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Hoffmann, R. A wiki for the life sciences where authorship matters. Nature Genetics (2008)

Water and lactate movement in the swimbladder of the eel, Anguilla anguilla.

Hemoglobin (Hb) and lactate (La) concentrations were measured in small (150 microliters) blood samples collected with micropipettes from the inflow and outflow vessels of the rete mirabile of the eel swimbladder. Hemoglobin was used as a marker of the intravascular space. 1. Hemoglobin concentrations suggest that there was no significant water movement between the arterial and venous capillaries in the rete, but a significant 6% water efflux from the vascular space into the swimbladder epithelium. No significant differences in osmolality were observed between the sites of measurement. 2. Of the lactate present in the blood entering the venous capillaries of the rete, 30% derived from release by the swimbladder epithelium; 38% of the lactate entering the venous capillaries diffused back in the rete tissue into its arterial capillaries. 3. Theoretical models suggest that any water movement in the swimbladder, leading to blood flow mismatch in the rete counter-current system, reduces its efficiency to concentrate inert gases, whereas lactate back-diffusion enhances this efficiency.[1]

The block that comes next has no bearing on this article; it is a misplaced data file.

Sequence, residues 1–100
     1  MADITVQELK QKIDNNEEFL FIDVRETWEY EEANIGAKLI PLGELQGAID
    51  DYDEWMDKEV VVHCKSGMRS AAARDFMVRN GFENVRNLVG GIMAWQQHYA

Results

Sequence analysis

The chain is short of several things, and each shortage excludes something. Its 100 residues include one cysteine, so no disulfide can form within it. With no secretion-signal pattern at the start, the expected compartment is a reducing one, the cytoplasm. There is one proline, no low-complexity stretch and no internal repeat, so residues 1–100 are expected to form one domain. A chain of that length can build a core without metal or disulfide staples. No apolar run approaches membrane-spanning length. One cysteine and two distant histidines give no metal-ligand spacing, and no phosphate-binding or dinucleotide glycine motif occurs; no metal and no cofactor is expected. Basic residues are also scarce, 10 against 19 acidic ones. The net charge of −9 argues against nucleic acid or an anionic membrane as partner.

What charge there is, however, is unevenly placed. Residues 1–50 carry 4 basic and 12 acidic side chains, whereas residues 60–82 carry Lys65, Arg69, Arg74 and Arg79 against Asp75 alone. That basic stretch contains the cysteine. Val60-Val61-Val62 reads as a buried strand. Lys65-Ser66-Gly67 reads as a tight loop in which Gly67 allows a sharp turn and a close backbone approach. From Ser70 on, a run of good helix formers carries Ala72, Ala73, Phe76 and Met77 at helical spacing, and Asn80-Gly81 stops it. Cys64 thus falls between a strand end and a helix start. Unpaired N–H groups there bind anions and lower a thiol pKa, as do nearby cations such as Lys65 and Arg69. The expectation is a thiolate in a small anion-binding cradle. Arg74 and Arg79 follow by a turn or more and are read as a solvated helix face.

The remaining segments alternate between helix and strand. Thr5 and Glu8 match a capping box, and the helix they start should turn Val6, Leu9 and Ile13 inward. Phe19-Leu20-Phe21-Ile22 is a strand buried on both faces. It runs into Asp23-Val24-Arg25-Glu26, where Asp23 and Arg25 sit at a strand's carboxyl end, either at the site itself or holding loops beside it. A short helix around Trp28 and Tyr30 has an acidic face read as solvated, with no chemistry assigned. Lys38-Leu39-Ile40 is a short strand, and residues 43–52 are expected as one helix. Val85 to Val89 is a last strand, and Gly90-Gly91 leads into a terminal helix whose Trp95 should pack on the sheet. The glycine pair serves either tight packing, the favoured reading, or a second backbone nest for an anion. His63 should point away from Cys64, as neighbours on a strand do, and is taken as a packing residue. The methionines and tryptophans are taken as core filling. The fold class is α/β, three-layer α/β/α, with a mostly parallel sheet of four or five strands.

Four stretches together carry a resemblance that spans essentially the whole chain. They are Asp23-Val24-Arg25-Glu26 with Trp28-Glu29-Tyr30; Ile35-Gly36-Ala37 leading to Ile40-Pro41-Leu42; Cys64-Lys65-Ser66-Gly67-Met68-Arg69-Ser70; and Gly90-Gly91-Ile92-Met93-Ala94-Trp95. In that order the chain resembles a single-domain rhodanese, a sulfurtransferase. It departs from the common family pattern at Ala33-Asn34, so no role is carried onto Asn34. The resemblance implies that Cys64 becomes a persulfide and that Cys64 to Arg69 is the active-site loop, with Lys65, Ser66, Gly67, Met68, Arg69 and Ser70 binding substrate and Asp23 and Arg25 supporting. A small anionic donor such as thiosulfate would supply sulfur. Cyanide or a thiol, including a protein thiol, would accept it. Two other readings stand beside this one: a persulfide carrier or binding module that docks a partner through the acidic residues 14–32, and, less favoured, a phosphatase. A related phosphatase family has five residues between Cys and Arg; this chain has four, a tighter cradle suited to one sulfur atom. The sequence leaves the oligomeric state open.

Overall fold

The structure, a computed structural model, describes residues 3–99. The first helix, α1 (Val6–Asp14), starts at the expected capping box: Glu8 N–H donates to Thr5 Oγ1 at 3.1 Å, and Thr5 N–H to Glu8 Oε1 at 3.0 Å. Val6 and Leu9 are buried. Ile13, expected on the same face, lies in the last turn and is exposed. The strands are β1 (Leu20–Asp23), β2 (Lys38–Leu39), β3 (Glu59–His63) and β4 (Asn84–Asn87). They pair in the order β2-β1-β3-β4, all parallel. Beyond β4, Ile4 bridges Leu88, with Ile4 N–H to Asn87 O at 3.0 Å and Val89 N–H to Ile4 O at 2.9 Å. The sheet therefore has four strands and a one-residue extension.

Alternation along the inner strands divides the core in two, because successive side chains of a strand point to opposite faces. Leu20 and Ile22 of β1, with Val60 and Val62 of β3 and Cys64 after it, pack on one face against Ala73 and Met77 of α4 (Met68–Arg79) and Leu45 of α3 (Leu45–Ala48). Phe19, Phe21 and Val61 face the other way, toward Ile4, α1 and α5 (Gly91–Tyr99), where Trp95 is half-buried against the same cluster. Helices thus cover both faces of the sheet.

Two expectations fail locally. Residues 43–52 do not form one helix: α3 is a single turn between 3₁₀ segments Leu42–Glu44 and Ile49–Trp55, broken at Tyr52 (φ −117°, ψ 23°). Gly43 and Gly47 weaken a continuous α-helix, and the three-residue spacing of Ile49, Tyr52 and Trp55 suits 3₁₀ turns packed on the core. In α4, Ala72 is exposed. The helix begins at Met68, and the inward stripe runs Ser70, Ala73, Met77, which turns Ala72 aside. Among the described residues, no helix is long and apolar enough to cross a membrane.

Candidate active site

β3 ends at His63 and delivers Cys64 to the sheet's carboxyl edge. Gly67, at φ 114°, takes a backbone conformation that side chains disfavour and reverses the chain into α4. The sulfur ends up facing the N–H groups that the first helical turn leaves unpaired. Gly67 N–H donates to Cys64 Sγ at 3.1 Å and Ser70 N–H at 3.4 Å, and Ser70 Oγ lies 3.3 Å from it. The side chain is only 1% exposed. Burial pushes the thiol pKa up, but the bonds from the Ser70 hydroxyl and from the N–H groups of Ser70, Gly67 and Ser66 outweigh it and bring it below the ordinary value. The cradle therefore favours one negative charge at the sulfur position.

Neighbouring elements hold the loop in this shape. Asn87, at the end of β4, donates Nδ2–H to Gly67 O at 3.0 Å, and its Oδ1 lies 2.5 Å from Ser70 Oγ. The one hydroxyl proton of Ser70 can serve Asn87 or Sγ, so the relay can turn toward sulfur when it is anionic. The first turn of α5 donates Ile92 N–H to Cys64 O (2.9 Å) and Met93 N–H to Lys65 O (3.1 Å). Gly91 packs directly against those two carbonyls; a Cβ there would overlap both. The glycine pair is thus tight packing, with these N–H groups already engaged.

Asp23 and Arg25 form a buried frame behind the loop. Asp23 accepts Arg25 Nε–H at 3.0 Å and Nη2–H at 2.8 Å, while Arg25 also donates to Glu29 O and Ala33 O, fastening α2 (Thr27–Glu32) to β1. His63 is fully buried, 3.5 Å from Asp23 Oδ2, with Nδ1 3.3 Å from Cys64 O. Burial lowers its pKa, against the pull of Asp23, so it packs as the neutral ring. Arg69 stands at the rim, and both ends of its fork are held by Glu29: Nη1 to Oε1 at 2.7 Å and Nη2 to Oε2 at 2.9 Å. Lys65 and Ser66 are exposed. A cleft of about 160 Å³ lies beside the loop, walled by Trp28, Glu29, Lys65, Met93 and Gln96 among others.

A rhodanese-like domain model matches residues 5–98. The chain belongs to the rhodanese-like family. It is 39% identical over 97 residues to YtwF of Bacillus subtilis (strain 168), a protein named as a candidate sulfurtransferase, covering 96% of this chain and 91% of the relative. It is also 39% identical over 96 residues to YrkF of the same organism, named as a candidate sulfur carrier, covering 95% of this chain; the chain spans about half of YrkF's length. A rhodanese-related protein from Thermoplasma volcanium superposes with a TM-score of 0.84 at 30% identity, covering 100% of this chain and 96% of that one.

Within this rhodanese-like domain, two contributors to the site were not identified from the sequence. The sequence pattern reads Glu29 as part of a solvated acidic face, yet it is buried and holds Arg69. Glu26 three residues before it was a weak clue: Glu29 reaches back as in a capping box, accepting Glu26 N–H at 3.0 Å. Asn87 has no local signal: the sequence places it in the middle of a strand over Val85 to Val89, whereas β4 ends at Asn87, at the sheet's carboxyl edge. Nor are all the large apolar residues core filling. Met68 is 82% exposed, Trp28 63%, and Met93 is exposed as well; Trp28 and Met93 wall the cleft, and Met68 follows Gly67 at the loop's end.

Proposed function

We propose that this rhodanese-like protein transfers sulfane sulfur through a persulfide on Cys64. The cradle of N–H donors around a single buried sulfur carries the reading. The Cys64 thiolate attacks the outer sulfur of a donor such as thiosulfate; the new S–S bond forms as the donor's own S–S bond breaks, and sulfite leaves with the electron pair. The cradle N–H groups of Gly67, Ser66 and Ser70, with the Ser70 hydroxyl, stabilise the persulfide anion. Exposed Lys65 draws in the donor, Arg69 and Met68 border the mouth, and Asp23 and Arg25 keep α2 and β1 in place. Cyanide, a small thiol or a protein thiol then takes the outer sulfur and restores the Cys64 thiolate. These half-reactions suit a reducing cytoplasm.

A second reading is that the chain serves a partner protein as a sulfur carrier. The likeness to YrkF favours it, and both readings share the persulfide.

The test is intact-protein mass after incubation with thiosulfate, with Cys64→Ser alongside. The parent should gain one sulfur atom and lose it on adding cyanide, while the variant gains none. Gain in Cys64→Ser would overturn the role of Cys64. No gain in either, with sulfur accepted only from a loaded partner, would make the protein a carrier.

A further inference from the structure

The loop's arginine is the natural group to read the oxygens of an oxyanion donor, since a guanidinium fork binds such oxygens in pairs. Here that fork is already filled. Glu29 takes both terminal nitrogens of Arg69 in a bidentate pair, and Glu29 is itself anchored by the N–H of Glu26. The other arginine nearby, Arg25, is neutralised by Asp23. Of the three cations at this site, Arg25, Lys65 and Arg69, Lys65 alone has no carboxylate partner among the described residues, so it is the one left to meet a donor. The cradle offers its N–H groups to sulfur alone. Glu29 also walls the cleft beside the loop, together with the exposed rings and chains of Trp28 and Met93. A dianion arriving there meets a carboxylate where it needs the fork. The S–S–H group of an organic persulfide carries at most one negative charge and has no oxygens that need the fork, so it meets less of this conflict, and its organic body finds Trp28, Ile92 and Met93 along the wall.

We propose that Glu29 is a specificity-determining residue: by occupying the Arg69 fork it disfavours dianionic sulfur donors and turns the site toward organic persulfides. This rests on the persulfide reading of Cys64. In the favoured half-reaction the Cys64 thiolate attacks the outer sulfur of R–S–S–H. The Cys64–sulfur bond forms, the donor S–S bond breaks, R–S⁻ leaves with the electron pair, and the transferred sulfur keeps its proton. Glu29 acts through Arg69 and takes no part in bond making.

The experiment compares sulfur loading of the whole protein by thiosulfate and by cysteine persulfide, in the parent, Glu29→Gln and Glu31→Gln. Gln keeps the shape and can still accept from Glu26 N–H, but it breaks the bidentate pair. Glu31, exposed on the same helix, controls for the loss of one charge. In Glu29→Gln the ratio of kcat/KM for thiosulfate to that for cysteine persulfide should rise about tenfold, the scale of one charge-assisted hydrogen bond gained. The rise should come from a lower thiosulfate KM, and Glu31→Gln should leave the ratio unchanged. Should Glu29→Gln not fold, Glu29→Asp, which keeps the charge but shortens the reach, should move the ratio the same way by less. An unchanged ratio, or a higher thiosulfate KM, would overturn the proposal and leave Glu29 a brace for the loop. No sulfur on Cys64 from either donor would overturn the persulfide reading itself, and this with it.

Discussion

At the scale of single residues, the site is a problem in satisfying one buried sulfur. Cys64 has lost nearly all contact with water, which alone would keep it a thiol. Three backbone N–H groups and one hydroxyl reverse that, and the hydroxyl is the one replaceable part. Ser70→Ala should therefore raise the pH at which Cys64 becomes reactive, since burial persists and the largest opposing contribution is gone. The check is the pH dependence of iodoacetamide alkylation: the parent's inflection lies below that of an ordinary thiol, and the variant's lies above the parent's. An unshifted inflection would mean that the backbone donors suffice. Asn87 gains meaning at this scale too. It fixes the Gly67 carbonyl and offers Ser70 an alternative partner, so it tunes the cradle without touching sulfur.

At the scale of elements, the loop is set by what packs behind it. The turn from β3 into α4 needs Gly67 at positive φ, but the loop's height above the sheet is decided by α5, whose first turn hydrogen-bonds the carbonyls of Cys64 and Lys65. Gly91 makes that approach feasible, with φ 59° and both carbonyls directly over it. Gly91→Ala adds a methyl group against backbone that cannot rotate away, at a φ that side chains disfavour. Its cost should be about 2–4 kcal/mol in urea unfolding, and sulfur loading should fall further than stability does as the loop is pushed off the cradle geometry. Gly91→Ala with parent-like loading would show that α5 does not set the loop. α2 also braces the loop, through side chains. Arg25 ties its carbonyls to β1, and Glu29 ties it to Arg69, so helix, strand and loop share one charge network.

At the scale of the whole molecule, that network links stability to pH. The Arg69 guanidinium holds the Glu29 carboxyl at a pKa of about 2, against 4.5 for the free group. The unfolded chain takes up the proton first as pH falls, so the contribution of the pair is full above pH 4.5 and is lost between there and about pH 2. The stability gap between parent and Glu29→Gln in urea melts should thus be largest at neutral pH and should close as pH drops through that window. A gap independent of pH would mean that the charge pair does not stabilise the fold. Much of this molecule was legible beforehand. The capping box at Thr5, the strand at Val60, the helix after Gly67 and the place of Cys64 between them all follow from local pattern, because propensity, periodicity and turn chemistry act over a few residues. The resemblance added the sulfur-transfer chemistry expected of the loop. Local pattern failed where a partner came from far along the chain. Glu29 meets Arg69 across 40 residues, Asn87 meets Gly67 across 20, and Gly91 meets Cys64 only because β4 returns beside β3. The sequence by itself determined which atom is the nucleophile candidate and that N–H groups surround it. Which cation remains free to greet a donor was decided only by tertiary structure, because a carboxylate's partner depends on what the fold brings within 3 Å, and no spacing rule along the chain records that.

1. Water and lactate movement in the swimbladder of the eel, Anguilla anguilla. Kobayashi, H., Pelster, B., Scheid, P. Respiration physiology. (1989) [Pubmed]
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